From the Sporting News

In early July, [Assistant Director of Basketball Operations/Manager] Bilal Batley visited the UK practice gym to speak with a player regarding an academic matter…While there, [Batley] was seen gathering rebounds for one of the players.  The university determined it should be turned into the NCAA as a secondary violation.

Batley held the same post at Calipari’s Memphis program last year before accompanying him to Kentucky.  Before that he was a graduate manager at Indiana for a season.  The Kentucky job didn’t last long, though.  A few days ago, it was announced that Batley was no longer on the UK staff, evidently choosing to leave to go back to Houston because of an illness in his family.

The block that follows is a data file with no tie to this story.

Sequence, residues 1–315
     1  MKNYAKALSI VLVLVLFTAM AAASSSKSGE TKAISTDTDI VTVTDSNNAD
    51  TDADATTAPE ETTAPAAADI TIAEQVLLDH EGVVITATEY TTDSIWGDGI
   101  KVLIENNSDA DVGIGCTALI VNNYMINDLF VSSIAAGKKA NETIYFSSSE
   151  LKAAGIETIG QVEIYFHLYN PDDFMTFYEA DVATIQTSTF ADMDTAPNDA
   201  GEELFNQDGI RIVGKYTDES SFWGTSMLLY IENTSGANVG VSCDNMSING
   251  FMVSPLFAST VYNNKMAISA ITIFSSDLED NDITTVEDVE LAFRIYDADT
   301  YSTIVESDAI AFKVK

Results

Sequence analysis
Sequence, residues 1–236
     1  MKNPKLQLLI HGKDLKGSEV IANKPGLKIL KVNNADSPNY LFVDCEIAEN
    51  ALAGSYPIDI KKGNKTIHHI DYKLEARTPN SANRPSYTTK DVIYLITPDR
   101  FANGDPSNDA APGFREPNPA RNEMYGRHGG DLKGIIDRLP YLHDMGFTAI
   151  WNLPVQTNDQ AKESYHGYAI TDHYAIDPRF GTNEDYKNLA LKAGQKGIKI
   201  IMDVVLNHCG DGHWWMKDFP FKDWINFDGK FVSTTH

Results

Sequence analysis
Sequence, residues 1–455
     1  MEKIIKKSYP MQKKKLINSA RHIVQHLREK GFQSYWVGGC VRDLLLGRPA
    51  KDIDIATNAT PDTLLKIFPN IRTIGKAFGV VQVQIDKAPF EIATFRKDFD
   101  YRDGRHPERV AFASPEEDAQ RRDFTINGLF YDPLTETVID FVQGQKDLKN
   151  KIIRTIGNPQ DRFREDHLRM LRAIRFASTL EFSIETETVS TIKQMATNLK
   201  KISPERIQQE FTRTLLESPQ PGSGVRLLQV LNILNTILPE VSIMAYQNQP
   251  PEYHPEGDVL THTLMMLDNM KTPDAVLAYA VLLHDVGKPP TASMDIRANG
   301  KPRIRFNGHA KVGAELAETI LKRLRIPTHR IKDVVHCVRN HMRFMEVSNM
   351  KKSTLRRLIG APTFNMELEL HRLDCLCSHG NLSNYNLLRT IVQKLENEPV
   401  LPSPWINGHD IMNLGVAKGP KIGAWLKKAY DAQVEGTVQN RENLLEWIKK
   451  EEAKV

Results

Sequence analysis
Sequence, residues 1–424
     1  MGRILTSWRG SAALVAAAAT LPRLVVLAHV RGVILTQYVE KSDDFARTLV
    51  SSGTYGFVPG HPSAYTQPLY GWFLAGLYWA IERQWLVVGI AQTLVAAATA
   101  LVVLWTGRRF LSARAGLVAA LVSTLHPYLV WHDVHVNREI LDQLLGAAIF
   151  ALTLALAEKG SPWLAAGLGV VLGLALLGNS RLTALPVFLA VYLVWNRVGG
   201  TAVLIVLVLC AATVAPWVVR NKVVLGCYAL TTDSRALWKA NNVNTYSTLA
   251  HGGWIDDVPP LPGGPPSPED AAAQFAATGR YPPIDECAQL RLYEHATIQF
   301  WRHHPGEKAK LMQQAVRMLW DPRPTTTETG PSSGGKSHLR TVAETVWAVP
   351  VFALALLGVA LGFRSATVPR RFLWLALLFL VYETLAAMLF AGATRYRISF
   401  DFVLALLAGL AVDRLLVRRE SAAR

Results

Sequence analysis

Though no connection has so far been discovered or reported, a person cannot be faulted for asking the question regarding the possibility of a connection between Batley’s departure and what really does look like a minor violation.  It would be normal to ask that question if such an occurrence happened at ANY program.  When John Calipari is your head coach, though, it’s going to draw even more of a critical eye.  We know, nothing’s ever been actually pinned on him, but when you’re the only coach ever to have Final Fours vacated at the two schools you coached and when you associate with people named World Wide Wes, you can’t be surprised when you’re looked at a tad more closely.